Twelve MVC students who took the “Coral Reef Ecology” biology class last spring spent two weeks in the small Central American country of Belize, studying the largest barrier reef in the northern hemisphere.
Waylon Hiler, assistant professor of Biology, who instructed the course and led the students on the trip to the 15,530-acre marine reserve at an island off Belize and south of the Yucatan Peninsula, talked about the research expedition during a presentation for the Faculty Lecture series on Oct. 23 in the Formal Lounge.
Hiler said that second-eight-weeks course was an introduction to biological and ecological principles of a coral reef and, in going to Belize, the students became certified as divers. The research trip also included fish identification, snorkeling in water at 80 degrees, and getting to see a variety of sea creatures, including sharks, jellyfish, and sting rays. “Students got to snorkel through the mangrove roots,” Hiler said. “The students got to see endangered species, like a green sea turtle and a manatee.” They ate lion fish, which is an invasive fish that poses a problem for the native fish species. They also found snakes on the island, including boa constrictors.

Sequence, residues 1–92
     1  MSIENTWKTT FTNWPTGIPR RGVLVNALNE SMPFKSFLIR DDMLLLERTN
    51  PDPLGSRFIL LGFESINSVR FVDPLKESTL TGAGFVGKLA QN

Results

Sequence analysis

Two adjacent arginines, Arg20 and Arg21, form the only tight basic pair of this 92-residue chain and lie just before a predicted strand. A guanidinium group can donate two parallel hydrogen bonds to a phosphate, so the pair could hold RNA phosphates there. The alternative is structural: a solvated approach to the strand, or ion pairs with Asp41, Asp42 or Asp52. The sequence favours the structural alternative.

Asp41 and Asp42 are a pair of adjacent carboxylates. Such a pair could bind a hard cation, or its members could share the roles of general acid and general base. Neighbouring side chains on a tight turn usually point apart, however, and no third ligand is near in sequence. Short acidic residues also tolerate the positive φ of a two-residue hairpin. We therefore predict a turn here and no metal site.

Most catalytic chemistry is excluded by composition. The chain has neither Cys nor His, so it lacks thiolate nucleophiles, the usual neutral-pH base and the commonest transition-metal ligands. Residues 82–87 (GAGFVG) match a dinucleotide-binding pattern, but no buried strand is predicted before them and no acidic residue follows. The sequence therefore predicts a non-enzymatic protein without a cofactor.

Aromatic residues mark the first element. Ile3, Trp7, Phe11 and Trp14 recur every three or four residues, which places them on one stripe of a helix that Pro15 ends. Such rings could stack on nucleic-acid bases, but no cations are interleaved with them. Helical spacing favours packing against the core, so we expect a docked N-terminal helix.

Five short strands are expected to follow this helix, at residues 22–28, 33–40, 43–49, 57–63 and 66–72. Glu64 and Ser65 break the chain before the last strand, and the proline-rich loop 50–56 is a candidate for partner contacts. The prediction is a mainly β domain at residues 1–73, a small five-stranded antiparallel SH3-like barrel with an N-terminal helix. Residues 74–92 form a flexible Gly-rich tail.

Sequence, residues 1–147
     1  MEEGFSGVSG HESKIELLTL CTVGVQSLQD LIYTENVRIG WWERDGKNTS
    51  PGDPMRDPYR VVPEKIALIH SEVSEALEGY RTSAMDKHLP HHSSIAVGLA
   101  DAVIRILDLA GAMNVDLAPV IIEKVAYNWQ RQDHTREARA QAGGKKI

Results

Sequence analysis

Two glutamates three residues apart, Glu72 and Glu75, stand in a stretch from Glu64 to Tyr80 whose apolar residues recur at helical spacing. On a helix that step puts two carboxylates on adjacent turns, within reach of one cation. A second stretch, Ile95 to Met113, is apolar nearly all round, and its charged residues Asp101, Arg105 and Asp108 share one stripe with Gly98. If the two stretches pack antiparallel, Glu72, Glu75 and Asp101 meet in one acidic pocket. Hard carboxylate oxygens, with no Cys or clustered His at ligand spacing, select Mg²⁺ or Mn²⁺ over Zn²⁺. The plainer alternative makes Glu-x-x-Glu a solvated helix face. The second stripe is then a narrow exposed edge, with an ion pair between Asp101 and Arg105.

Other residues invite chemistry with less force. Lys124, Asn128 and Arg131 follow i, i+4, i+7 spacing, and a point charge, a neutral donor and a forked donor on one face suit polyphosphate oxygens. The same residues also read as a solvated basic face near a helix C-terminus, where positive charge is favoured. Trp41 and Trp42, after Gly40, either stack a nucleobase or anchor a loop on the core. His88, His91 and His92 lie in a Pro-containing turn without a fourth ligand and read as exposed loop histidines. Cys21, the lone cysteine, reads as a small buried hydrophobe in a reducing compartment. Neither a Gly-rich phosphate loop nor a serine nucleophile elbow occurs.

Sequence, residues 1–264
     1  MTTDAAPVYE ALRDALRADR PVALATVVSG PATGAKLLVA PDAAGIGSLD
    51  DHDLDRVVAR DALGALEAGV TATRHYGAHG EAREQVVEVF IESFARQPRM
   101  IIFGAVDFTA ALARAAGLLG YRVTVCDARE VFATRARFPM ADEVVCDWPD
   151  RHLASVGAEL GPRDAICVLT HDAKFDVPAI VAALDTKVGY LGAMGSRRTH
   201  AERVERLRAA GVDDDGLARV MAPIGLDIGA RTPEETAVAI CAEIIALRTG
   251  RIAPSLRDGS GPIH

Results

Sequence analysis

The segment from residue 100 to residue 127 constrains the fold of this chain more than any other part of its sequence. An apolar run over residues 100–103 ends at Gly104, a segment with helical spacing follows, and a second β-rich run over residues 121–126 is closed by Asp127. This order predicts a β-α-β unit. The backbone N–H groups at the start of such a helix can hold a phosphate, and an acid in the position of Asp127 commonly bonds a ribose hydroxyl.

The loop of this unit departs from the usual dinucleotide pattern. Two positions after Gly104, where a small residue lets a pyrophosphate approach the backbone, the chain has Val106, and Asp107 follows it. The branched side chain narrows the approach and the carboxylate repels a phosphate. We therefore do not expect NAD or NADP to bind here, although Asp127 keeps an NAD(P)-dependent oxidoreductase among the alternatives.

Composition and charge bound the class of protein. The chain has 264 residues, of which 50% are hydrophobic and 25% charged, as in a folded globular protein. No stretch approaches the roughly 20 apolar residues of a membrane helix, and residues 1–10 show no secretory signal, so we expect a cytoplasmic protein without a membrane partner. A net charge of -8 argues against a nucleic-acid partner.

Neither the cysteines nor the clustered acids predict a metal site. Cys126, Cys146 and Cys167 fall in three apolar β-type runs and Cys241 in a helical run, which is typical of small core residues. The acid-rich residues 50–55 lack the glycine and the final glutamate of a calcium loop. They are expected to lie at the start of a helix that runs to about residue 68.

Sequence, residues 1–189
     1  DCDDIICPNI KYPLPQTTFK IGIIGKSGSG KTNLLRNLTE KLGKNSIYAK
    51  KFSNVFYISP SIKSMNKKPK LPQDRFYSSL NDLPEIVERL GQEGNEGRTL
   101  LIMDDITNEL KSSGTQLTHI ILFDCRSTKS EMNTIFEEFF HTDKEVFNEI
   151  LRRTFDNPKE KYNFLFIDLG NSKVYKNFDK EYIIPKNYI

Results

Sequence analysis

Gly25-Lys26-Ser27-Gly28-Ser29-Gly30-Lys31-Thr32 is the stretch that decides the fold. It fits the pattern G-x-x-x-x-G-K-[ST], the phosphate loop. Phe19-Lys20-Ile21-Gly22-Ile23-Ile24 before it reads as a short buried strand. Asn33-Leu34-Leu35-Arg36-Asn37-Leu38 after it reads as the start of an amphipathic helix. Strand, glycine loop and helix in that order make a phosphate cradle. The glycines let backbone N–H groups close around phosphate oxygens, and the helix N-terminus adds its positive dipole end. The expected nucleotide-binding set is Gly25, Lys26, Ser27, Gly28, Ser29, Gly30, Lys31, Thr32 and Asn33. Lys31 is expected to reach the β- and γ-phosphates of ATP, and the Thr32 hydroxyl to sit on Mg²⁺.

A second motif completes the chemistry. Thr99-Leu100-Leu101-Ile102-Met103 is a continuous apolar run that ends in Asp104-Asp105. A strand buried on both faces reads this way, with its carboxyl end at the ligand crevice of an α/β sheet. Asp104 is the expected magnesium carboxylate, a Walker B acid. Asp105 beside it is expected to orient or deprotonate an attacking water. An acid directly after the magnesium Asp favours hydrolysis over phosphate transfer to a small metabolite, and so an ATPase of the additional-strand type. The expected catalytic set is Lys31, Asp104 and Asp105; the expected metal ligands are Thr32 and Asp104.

The arrangements for the trip were coordinated by a company called Blue Ventures. “We were the first college to utilize Blue Ventures for a class,” Hiler said, adding that it was a good partnership and that he hopes to return with other classes to Belize in the future. A language barrier was not a problem, as Belize’s principal language is English. The MVC group stayed at a research station, which Hiler said was “no Hilton,” but was very functional for its research purpose and had running water for showers and toilets. The beach location provided views of beautiful tropic seascapes. Hiler said a typical day was making the first ocean dive at 6 a.m., with three other dives throughout the day.
Three students who had gone on the trip attended Hiler’s presentation. They found the experience to be exciting and
educational. Student Jennifer Land said she especially enjoyed being able to scuba dive. Student Kalen Brady said that it was the first actual survey experiment he has participated in. Student Alex Phillippe said it was particularly memorable to swim 100 feet down through canyons, during which he was able to see a shark. Other students who participated in the trip were Marianella Benavides, Derek Brown, Miranda Groth, Stephanie Putnam, Carlee Robinson, Pearce Sloan, Luke Weinreich, Allie Wirts, and Brittney Woody.
The course, which is scheduled again for this spring within the Biology course listing, is open to students of all majors. The lab fee for the research expedition, to cover costs of travel and accommodations, is $3,200.